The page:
The idea of Beehive is a little bit similar to Google Ads. These are displayed on a web page and present links to registered web sites. The advertisments are taken from a database and are selected based on the content of the current web page.
Similarly, Beehive presents the programmer in Eclipse a list of recommendations for documents, e-mails or other resources that he might have a look to, based on his current context.
E.g., while he is implementing a Quick Sort algorithm, he might be presented a Wikipedia article about Quick Sort, or a Java API documentation page, etc. These list items are called "recommendations"
Here's an example how this can look like:
Beehive basically consists of three components:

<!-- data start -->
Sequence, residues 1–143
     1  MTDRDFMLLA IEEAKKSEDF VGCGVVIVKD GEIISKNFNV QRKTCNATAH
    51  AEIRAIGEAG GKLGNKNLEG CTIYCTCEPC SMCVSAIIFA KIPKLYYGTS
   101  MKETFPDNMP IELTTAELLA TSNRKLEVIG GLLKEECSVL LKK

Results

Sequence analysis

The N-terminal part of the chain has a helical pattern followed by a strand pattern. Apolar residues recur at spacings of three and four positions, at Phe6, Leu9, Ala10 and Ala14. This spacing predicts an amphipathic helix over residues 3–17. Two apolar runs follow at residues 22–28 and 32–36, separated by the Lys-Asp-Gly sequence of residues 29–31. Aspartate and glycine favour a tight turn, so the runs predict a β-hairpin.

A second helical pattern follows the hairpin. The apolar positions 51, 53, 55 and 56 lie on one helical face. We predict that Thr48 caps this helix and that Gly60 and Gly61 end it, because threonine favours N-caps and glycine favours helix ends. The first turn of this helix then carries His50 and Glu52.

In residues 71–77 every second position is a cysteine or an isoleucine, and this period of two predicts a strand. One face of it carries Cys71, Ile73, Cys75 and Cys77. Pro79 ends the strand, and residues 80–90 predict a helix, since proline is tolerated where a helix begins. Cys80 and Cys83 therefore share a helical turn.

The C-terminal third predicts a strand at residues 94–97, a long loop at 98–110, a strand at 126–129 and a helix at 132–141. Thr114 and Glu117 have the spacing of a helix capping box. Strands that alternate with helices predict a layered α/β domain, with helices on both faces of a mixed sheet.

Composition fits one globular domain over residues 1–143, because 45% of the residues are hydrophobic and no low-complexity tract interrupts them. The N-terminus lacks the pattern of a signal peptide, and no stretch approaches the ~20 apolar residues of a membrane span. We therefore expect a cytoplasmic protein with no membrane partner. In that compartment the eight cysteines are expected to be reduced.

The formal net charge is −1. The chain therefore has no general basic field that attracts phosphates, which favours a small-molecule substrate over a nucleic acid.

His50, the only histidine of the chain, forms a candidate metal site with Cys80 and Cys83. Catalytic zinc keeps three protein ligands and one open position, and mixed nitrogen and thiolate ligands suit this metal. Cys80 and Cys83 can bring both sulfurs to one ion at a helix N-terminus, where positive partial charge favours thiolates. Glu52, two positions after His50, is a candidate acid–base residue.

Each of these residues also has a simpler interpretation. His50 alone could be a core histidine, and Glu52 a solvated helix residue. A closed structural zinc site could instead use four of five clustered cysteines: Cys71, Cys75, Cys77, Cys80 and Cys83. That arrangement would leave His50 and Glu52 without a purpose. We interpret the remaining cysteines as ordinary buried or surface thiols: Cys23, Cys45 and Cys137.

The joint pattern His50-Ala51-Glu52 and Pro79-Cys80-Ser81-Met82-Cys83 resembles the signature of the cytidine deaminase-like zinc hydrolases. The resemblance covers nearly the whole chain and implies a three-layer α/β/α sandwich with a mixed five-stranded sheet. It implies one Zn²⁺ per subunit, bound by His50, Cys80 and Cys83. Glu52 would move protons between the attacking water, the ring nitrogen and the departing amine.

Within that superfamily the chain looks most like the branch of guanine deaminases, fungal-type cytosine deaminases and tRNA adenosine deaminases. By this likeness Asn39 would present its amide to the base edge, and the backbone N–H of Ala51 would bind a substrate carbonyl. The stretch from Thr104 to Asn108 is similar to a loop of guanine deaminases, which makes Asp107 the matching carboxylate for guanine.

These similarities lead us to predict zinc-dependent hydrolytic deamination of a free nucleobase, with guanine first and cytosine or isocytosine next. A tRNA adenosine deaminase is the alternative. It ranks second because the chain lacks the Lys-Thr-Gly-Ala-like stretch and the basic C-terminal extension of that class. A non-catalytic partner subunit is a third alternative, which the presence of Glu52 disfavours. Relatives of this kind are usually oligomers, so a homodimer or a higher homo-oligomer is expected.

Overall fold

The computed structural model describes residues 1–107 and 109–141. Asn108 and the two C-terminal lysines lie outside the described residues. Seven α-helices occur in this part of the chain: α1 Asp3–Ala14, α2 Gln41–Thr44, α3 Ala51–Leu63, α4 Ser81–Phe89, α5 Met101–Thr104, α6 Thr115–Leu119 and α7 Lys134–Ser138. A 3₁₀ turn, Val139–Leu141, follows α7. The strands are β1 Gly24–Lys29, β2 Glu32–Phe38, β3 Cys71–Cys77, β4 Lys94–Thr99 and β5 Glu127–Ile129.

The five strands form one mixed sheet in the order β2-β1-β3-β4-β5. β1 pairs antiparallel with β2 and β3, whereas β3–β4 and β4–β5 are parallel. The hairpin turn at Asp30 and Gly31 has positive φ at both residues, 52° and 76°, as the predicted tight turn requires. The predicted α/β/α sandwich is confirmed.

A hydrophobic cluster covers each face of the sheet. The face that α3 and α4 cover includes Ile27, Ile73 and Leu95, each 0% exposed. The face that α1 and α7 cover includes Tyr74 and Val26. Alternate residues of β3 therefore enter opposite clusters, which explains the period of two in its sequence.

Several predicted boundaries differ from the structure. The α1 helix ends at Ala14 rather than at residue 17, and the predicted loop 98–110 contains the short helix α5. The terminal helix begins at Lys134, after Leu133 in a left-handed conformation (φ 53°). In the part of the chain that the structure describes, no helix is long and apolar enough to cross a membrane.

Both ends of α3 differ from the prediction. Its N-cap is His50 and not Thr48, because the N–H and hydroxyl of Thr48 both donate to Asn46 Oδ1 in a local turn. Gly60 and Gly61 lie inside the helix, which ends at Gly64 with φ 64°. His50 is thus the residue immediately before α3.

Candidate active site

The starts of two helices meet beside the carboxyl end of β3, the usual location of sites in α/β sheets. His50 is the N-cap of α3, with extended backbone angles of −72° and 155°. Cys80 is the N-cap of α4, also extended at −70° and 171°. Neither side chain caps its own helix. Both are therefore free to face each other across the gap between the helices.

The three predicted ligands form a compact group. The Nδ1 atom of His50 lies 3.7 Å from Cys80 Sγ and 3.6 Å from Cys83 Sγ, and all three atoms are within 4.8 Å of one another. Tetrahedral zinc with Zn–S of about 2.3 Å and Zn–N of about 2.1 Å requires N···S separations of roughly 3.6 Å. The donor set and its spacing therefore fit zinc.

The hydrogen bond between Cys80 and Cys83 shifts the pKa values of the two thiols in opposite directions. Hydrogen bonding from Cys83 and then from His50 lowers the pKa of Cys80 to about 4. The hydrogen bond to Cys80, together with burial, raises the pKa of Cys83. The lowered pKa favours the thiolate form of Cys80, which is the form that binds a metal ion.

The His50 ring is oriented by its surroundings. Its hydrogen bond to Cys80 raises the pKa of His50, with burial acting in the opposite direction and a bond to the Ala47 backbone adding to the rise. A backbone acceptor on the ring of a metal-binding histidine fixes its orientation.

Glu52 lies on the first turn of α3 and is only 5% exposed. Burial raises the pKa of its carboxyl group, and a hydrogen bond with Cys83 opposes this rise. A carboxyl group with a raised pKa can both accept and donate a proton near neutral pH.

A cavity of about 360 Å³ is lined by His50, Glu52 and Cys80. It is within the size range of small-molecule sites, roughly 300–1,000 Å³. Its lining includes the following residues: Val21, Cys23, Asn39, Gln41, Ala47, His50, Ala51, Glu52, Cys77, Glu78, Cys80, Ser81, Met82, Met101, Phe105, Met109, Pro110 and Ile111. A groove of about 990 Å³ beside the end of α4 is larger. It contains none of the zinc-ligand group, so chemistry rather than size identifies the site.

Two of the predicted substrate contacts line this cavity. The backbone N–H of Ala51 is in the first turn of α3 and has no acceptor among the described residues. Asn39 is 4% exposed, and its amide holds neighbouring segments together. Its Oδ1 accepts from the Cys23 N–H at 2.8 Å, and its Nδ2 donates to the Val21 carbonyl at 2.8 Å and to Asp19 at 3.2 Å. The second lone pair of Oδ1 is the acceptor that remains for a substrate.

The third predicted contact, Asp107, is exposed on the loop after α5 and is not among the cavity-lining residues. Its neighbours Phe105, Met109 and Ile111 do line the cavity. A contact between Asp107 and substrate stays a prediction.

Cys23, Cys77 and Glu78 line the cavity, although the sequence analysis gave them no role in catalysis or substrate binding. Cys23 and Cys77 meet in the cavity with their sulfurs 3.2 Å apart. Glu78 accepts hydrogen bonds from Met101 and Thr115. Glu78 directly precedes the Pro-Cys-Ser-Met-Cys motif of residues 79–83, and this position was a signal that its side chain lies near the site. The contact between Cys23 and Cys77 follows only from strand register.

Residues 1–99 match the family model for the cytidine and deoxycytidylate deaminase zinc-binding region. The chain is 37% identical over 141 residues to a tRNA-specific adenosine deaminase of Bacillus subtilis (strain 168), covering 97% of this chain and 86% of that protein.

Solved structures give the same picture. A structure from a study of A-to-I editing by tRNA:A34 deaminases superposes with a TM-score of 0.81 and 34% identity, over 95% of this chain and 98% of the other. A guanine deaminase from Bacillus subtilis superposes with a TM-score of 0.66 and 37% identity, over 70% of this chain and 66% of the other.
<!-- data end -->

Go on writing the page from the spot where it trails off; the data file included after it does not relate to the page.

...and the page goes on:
A server ("irsystem"), which is backed by a MySQL database. The database contains metadata for the set of indexed documents and other resources. The server is responsible to build a information retrieval model on the data and to answer queries for recommendations.
A collection mechanism, which is fully configurable and can be extended by own implementations for new kinds of resources. It gets files from the local file system, html pages from the web, e-mail from a POP3 account, or whatever you would like.
A client implemented as plug-in for Eclipse, which extracts the user's context, contacts the server and displays the results.